Tencel fiber is somewhat comparable to rayon. Both are classified as “regenerated cellulose” fibers which are created by dissolving wood fibers with a chemical solvent. Even though Tencel has a natural origin, it is still man-made. The fiber is not classified as “natural” or “synthetic”.
Tencel fibers come from trees, mainly birch, beech, spruce and eucalyptus, which are then made into fiber. Manufacturers take the wood pulp from these trees, dissolve it with a chemical solvent, and then push it through an extruder to form the fibers.
These fibers are then used to make clothes. They can be mixed with other fabrics or used alone.
Tencel brand fabrics are produced with environmentally friendly processes from natural raw wood fibers from sustainable sources. Tencel fabrics are also certified biodegradable.
What is important to note is that even though Tencel is a lyocell fiber, not all lyocell fibers are Tencel branded and therefore are not guaranteed to be as environmentally friendly as Tencel fabrics. Lyocell that is not a registered trademark may be from non-sustainable sources or may be a blend containing a blend of lyocell and other fibers.
The main factor that separates rayon from Tencel is that it requires more energy and more chemicals to produce than Tencel, a process that is unnecessary and harmful to both the workers producing the fiber and the environment. .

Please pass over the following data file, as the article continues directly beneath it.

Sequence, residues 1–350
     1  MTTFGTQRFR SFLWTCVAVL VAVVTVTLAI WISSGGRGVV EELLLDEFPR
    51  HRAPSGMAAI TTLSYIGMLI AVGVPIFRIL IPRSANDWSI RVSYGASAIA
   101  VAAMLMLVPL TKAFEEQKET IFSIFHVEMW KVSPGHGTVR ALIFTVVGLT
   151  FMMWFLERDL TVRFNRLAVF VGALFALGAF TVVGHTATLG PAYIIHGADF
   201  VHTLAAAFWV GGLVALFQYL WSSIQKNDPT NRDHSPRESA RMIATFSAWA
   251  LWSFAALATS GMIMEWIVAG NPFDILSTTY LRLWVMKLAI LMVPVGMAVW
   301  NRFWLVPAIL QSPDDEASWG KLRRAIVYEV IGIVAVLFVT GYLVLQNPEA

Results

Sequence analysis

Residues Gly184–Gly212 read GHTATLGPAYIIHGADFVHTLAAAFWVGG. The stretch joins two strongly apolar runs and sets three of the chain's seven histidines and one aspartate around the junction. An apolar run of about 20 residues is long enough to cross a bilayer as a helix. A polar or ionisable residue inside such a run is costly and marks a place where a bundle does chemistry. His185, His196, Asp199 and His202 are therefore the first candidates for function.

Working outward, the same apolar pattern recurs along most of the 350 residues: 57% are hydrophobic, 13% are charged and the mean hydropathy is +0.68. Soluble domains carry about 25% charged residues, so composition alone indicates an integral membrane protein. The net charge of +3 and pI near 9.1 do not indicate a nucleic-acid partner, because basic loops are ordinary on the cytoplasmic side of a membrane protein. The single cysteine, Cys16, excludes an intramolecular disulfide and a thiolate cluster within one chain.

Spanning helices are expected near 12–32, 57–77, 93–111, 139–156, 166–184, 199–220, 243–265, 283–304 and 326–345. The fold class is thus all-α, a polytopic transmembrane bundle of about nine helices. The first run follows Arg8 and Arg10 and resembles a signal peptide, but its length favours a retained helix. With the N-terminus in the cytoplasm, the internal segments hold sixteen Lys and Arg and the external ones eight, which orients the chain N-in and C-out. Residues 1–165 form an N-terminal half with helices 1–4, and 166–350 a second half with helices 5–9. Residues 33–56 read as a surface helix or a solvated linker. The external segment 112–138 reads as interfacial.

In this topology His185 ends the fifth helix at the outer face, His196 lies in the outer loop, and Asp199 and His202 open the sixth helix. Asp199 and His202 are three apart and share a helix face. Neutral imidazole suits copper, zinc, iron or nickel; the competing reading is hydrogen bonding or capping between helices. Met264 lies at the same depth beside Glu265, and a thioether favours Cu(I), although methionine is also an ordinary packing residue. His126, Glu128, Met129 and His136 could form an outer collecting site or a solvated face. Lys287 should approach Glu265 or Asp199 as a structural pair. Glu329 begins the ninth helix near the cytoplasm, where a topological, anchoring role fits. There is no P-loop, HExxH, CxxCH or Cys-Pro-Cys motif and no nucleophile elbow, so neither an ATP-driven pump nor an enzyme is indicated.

Tencel’s production process, on the other hand, uses wood from trees from sustainably harvested forests and uses less toxic chemicals that are recycled back into the production process. Tencel is made with a circular production system in mind, in which 99% of the chemicals and solvents used to break down wood pulp are recovered and recycled. Both biodegradable and compostable, the fibers used in Tencel can fully return to their original shape.
Compared to other common fabrics, Tencel also leads in many ways. For example, Tencel consumes 20% less water than cotton and uses five times less land than cotton production. Still, the process is not flawless, as there are still harsh chemicals and dyes used in Tencel’s production process.
Tencel vs other fabrics